A good pilot is always learning -- how many times have you heard
this old standard throughout your flying career? There is no truer
statement in all of flying (well, with the possible exception of
"there are no old, bold pilots.")
Aero-News has called upon the expertise of Thomas P. Turner,
master CFI and all-around-good-guy, to bring our readers -- and us
-- daily tips to improve our skills as aviators. Some of them, you
may have heard before... but for each of us, there will also be
something we might never have considered before, or something that
didn't "stick" the way it should have the first time we memorized
it for the practical test.
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Fuel Vents... UNOBSTRUCTED. It's a common step on an airplane's
Preflight Inspection checklist. But what are you really looking
for? Why is it so important to check fuel vents for
There are three main types of fuel tank commonly installed in
general aviation airplanes (note: some airplane models may have
more than one type of tank installed):
- Bladder-type tanks-flexible rubber tanks, like big, thick
"balloons" in the wings or fuselage.
- Metal or fiberglass tanks-sealed containers for fuel set into
the wings or fuselage.
- "Wet wings" -- portions of the wing structure themselves that
are sealed to contain fuel and prevent leakage.
Just like a portable gas tank for a lawn mower or boat, your
airplane's fuel tank requires a "push" of air pressure to keep fuel
flowing toward the engine. A blocked fuel vent can cause a vapor
lock that cuts off fuel flow -- causing a fuel starvation engine
failure even when there's a lot of fuel remaining in the tank.
Fuel vents come in many designs and location, but usually
consist of a stick, or probe, extending below the wing or fuselage.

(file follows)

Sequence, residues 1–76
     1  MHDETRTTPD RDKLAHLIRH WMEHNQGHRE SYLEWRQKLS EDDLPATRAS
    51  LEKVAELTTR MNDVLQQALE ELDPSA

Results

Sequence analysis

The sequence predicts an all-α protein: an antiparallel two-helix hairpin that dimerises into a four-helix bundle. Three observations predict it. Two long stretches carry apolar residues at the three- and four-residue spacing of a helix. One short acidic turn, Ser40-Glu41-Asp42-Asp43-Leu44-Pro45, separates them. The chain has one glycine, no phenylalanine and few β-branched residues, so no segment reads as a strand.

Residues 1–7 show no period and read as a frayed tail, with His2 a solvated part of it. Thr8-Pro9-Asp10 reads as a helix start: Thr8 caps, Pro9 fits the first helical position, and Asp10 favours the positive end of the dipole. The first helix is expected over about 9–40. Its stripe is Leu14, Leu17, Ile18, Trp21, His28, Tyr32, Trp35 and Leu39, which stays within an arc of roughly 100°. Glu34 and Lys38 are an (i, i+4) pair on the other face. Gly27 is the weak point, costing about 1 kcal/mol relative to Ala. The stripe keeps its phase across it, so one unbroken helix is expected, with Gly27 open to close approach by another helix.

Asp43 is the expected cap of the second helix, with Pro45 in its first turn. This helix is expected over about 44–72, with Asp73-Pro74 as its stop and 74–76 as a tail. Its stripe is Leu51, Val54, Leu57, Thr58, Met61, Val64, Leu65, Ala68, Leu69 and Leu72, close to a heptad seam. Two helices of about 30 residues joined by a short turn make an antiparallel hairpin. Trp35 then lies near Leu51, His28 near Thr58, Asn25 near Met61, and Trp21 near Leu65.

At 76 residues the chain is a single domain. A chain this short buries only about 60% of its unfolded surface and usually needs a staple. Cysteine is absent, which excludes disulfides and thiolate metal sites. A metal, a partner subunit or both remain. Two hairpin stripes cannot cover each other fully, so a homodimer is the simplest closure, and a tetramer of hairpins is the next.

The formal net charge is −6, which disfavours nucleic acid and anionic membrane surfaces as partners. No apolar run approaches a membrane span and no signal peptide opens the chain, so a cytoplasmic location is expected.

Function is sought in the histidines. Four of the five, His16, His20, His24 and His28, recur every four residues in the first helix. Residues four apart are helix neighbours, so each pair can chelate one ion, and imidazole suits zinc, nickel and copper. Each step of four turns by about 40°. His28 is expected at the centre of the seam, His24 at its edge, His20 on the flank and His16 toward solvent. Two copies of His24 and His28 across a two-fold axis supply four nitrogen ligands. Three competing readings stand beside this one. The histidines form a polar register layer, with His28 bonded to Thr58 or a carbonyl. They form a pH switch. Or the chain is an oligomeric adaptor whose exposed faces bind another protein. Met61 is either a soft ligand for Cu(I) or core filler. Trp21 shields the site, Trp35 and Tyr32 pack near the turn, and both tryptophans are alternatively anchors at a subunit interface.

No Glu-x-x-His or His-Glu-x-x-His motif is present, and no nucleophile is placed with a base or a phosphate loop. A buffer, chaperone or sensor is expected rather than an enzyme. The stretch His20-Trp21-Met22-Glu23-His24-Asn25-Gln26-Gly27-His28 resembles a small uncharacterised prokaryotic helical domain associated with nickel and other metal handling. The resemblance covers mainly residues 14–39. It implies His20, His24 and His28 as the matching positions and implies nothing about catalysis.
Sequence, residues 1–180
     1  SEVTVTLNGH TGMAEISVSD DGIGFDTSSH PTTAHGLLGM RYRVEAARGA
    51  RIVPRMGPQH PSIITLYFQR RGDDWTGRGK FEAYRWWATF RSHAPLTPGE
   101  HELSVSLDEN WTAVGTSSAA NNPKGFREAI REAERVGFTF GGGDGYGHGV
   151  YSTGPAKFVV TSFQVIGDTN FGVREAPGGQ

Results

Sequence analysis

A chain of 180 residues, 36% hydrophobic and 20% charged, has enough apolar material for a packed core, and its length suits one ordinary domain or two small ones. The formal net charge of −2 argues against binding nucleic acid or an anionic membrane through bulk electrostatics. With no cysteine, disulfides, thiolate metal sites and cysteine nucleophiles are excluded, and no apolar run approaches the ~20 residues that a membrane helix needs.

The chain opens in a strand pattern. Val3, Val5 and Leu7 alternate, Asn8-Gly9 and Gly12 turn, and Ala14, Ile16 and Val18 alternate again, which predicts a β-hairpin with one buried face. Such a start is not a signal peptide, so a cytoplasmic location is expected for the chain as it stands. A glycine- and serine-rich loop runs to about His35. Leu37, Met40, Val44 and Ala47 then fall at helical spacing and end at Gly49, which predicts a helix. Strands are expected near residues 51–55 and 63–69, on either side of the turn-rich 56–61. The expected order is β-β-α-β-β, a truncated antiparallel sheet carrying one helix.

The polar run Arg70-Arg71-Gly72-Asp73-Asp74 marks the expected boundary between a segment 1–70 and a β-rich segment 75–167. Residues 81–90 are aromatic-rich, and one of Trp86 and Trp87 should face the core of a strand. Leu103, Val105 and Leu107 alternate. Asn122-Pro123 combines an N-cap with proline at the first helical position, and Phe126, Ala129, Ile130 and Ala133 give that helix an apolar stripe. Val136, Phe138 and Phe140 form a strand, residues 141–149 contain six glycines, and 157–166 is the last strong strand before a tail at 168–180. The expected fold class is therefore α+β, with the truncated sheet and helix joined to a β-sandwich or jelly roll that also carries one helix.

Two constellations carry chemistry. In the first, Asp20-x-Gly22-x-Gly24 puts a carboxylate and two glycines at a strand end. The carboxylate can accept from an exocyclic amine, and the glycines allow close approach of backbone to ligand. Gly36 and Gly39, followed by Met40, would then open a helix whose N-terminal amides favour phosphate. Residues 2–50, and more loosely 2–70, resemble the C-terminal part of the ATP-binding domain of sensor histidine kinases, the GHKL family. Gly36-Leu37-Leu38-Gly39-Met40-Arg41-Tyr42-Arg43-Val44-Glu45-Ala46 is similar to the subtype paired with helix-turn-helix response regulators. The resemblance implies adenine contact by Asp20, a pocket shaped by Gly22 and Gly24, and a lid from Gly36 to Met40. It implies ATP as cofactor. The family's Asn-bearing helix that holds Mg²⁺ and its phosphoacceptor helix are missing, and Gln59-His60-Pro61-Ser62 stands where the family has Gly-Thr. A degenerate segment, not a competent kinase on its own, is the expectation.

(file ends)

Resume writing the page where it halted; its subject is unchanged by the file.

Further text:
Orientation of the vent is critical -- if it is not properly
slanted into the slipstream it may actually create suction from the
tank, instead of pressure into it.
Each individual fuel tank may have its own vent, or several
tanks may plumb into a single vent line. Secondary vents may be
recessed in the wing, or consist of a simple hole drilled in the
aft side of the primary vent. Secondary vents are your back-up in
case bugs, dirt or ice block the primary.
Fuel tanks have another reason for proper venting. If a vent
becomes obstructed the suction created by a fuel pump (or even a
carbureted engine) can be so great that the tank collapses.
Bladder tanks may bunch up so fuel can't get from parts of the tank
into the engine; hard tanks can dimple and bend; and wet wings may
collapse to the point the airfoil shape is disrupted and
aerodynamics severely compromised.
A metal "tip tank" that collapsed in
flight under the suction of fuel draw, after its vent line was
obstructed by an insect. (photo courtesy American Bonanza
Few Pilots Operating Handbooks tell precisely where fuel tank
vents are located, how they need to be oriented, whether they have
secondary holes that must also be open, or even how many fuel vents
there are on the airplane. Your best bet is to contact a user group
("type club") for your
particular airplane type for the proper tank vent inspection
Aero-tip of the day: Check fuel vents for orientation and lack
of obstruction during every preflight check.